Let me warn you right at the onset: ‘Slum Child’will not be an easy read. You will cringe, cry,feel bad for the characters, brood, think and may be smile at some point in the book. Having said that, please read this book purely so you can be aware about what goes on in slums and the circumstances surrounding a nine-year old.
I remember when I was nine and without a care in the world. I never thought about the struggles that life had to bounce at some point. There was no need to. Everything was taken care of. The reason I am mentioning this is: Every nine year old should feel this way, no matter what.
The protagonist of the book is nine-year old Laila who lives in Karachi’s poorest quarters: Issa Colony. She stays there with her mother, her elder sister Jumana and her step-father (oh yes there has to be a step-father to make life miserable). Her mother works as a maid for rich families and her step-father does nothing. Amidst Laila’s happy go-lucky self-existence her sister contracts Tuberculosis and passes away. This builds a void and a huge gap in their lives, which further leads to her mother’s emotional collapse.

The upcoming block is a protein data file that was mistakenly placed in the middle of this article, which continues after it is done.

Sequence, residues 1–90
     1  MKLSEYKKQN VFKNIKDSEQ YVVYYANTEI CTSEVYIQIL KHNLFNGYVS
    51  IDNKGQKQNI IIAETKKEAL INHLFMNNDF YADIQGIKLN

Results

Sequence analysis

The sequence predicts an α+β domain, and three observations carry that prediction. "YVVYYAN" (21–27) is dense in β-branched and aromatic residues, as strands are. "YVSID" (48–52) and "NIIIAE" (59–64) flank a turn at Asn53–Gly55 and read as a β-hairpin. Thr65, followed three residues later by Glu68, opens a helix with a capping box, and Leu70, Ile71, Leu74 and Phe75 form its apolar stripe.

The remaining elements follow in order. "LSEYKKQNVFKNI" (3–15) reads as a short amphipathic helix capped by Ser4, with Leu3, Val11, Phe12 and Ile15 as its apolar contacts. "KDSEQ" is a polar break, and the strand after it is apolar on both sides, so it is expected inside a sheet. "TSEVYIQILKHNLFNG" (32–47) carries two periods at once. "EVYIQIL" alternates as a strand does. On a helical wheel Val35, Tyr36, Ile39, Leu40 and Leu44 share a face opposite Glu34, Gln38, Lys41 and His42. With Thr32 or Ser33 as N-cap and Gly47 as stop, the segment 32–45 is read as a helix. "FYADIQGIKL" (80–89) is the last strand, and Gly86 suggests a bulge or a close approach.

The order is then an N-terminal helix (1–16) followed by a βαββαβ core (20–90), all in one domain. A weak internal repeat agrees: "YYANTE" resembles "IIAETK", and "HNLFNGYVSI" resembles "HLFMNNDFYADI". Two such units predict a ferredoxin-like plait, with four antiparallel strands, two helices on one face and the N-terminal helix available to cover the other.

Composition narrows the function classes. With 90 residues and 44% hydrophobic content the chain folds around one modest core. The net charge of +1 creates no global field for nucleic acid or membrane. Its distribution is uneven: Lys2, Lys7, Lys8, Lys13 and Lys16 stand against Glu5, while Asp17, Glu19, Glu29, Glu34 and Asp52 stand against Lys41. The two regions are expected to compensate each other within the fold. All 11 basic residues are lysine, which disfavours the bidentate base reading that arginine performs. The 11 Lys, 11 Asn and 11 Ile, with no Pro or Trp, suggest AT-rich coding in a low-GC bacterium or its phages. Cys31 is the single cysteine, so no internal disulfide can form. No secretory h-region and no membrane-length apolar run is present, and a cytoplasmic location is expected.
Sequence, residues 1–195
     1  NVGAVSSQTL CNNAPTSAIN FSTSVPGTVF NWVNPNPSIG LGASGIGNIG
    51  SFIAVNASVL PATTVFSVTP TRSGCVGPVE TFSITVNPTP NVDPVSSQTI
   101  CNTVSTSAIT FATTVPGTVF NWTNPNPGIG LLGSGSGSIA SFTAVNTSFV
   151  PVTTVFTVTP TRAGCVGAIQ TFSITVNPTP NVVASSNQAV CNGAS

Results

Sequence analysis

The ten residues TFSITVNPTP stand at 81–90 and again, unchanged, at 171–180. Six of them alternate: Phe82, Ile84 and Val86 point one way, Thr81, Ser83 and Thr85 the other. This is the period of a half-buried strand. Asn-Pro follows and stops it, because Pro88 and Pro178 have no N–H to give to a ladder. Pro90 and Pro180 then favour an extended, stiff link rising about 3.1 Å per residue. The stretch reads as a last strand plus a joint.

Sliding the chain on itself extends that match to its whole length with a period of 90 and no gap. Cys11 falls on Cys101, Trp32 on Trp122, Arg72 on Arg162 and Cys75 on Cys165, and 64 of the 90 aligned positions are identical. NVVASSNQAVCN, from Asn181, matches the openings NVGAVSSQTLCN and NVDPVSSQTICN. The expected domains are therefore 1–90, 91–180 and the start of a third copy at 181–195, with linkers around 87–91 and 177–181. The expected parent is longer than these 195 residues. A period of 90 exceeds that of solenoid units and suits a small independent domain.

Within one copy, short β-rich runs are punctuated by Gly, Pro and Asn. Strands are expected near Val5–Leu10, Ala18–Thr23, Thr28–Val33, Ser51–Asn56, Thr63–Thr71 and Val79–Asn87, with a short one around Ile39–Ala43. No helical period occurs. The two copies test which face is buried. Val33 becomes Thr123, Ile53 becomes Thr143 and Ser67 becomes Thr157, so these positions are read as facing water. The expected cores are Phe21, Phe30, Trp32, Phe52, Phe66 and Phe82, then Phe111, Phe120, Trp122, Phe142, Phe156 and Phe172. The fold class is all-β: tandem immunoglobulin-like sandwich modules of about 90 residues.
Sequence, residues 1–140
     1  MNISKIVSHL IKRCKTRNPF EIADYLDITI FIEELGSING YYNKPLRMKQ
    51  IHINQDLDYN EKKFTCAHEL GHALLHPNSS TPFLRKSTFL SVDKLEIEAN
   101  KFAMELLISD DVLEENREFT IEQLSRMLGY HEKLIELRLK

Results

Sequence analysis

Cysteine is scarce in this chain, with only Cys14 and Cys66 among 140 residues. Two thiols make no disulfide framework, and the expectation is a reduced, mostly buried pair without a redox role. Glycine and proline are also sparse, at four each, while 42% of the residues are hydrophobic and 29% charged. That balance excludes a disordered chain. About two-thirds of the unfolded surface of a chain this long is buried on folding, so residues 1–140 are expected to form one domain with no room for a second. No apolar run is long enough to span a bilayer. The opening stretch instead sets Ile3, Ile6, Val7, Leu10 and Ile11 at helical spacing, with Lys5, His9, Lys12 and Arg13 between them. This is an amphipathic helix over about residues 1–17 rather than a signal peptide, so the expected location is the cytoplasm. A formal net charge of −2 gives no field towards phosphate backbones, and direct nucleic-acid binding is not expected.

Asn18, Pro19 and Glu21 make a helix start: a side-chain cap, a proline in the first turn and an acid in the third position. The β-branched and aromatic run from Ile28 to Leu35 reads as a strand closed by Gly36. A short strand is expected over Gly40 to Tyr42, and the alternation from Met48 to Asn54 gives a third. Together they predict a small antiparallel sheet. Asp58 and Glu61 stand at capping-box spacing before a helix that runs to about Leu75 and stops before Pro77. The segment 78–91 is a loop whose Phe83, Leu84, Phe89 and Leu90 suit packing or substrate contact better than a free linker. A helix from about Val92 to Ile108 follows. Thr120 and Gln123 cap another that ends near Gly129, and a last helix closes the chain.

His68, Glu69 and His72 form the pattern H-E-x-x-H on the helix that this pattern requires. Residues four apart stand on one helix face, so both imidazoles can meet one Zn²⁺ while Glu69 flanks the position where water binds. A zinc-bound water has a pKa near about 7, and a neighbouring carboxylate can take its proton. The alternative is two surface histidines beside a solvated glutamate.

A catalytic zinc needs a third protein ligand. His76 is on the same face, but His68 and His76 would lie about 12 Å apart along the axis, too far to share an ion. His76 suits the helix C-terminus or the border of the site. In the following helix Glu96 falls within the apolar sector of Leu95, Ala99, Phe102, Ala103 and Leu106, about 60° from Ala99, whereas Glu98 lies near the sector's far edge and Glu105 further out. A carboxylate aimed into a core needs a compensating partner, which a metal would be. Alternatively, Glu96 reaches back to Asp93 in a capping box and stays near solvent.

Step-fathers being who they are (well at least what it seems to be), he tries to sell her into prostitution to pay his debts and from then on Laila runs away. She seeks shelter in one of the families her mother works for and is taken in as a servant, and unfortunately she has to make her exit from there as well – by running again.
The entire context of the book is deep-rooted in escaping. Laila’s mother wants to escape her dreary existence, her step-father his debts and her sister – this life. You will get involved while reading the book. You will curse as well at some point only to ensure Laila is safe and sound. Laila’s story will make you want more and at the same time the circumstances surrounding it will make you want to put the book down.
At the heart of it, Slum Child is a book you must read. For its simplicity in writing and the deep emotions it conveys.